Meet Alice Otterloop. Again.
Alice is the first among equals in the ensemble of weirdly familiar characters populating Richard Thompson's "Cul de Sac." The comic strip debuted on this page February 8, 2004, following a brief courtship. Thompson had been drawing brilliant one-off cartoons for the Style section in his "Richard's Poor Almanac." I proposed the strip idea, mainly because I wanted to see what would happen if he created some characters and stuck with them. If memory serves, it took about a year to schedule lunch. After that, we lost momentum.
But, eventually, Thompson came through with what I believe is one of the freshest, most engaging strips published. It has warmth, an inner life that is sorely lacking from so many occupants of the comics pages. It passes Thompson's own test for a successful strip, which is that the reader feels that the panels on the page are "just a glimpse of the characters, and they're doing other things the rest of the day."
In the first installment 3 1/2 years ago, Thompson told us that Alice was 4; that her mom was so used to transporting a minivan full of kids that she has to ask, "Are any of you mine?"; that her dad was a federal employee who works in the "Office of Petty Consumer Frustration." We also soon learned that, when nobody is looking, the photos, crayon drawings and reminder notes on the Otterloop refrigerator gossip and argue among themselves.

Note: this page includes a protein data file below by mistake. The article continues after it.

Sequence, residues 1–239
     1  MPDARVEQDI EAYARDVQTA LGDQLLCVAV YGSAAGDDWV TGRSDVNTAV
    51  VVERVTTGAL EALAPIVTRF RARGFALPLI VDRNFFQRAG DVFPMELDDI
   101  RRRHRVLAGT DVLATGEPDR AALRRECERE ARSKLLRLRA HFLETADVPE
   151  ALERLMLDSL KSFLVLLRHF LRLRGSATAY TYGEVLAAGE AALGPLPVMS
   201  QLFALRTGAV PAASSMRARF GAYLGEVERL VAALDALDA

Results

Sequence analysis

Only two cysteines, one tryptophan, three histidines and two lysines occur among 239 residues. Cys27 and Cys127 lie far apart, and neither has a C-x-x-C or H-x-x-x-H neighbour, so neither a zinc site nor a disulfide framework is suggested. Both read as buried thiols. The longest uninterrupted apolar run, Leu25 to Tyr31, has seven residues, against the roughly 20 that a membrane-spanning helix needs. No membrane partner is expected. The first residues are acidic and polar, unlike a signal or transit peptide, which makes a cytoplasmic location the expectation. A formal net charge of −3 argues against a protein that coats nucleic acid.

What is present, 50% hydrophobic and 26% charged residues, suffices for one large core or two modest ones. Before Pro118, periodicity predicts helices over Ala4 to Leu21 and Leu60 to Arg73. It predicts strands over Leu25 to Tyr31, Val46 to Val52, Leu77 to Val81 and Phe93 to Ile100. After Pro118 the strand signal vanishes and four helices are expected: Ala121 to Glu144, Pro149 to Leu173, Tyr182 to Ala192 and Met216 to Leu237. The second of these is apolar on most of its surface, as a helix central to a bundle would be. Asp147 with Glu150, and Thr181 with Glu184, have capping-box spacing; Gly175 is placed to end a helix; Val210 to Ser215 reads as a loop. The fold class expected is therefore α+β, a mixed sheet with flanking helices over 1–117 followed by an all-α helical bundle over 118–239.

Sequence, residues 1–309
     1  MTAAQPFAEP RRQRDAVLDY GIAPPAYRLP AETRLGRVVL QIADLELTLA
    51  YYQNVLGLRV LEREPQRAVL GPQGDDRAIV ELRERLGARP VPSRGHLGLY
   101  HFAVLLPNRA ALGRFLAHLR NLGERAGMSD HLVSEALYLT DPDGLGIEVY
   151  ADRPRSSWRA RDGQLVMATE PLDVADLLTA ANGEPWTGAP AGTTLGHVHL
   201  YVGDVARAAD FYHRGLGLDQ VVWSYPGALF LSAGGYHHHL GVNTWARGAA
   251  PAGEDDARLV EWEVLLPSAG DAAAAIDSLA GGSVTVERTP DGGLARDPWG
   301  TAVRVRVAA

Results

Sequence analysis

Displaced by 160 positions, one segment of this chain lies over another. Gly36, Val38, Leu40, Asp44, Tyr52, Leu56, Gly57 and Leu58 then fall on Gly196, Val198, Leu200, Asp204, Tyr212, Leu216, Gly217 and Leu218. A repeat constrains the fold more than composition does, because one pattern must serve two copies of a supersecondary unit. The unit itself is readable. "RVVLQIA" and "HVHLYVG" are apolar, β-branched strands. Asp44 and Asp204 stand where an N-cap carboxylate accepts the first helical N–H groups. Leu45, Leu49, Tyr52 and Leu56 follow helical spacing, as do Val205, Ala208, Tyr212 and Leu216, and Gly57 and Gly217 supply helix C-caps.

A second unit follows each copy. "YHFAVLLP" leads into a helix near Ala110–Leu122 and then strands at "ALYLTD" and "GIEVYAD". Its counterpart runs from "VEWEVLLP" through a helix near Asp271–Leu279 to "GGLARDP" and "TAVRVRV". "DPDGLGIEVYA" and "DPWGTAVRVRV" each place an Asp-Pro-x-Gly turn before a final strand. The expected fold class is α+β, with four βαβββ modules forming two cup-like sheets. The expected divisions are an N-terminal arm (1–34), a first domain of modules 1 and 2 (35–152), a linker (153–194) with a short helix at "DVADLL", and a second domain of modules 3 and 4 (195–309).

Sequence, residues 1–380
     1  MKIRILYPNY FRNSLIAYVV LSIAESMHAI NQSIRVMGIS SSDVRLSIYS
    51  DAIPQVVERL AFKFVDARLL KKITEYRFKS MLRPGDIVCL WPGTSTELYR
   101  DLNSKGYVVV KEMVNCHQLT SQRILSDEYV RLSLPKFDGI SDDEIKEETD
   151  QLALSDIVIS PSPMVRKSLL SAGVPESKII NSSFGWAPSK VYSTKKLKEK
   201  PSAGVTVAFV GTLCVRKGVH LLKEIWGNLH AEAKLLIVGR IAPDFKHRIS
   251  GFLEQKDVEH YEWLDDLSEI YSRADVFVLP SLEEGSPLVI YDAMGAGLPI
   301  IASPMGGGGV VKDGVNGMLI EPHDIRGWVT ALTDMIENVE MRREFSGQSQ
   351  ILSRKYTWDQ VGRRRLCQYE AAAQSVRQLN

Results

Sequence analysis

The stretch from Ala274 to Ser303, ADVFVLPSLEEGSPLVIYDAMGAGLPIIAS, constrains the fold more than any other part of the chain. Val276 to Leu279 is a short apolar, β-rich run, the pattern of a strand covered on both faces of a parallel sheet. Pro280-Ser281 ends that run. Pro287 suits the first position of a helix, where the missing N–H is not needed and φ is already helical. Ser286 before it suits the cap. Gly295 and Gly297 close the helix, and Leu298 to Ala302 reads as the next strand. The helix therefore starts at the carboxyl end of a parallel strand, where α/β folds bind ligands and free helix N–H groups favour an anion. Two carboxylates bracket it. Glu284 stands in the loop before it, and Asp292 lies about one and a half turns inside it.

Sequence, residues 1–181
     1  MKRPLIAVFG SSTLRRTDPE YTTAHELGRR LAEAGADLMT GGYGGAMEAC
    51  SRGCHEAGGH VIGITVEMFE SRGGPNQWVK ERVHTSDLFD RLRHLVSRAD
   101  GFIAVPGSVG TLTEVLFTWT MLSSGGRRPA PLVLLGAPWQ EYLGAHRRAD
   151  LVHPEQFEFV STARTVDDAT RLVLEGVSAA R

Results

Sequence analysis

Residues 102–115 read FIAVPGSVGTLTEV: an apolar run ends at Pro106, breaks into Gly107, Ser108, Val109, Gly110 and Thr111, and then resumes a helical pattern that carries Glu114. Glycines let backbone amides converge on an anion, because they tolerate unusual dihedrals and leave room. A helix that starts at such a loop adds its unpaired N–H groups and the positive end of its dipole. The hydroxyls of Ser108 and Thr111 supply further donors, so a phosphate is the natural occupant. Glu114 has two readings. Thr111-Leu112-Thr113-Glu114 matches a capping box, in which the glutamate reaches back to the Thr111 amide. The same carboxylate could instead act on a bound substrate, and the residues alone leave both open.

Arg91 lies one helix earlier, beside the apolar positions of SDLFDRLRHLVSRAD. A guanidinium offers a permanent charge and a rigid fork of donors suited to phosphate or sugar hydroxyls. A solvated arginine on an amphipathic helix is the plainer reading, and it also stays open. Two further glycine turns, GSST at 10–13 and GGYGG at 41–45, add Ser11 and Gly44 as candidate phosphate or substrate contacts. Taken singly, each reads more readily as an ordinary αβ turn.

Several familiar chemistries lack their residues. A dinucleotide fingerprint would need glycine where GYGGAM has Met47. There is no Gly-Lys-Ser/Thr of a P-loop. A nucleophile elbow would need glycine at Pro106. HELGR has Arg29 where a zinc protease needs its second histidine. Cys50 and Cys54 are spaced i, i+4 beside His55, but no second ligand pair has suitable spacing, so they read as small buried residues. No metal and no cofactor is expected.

You might be getting a refresher course on some of this. This week, "Cul de Sac" begins national syndication. John Glynn of Universal Press Syndicate says it will appear in 50 to 60 newspapers, including those in Boston, Houston, Seattle, Las Vegas, Toronto and Portland, Ore. But in reintroducing the characters to those readers, Richard, being Richard, couldn't resist adding a few twists. For instance, when Alice introduced the neighborhood's scary old lady the first time, she was just a scary old lady. This time, well . . . you can see for yourselves below.
Getting a strip syndicated is a big deal, and this one might be a bigger deal than most. The re-launch of "Cul de Sac" has drawn an unsolicited endorsement from none other than Bill Watterson, the creator of the now-retired mega-strip "Calvin and Hobbes," a man so famously reclusive that he's listed by name in the Wikipedia entry on "recluses." Watterson never comments on anything. But about "Cul de Sac" he wrote: "I have high hopes that Thompson will bring a much-needed jolt of energy to the daily newspaper. We have a real talent here."
But then, readers of this space know that already.
Tom Shroder is editor of the Magazine. He can be reached at firstname.lastname@example.org.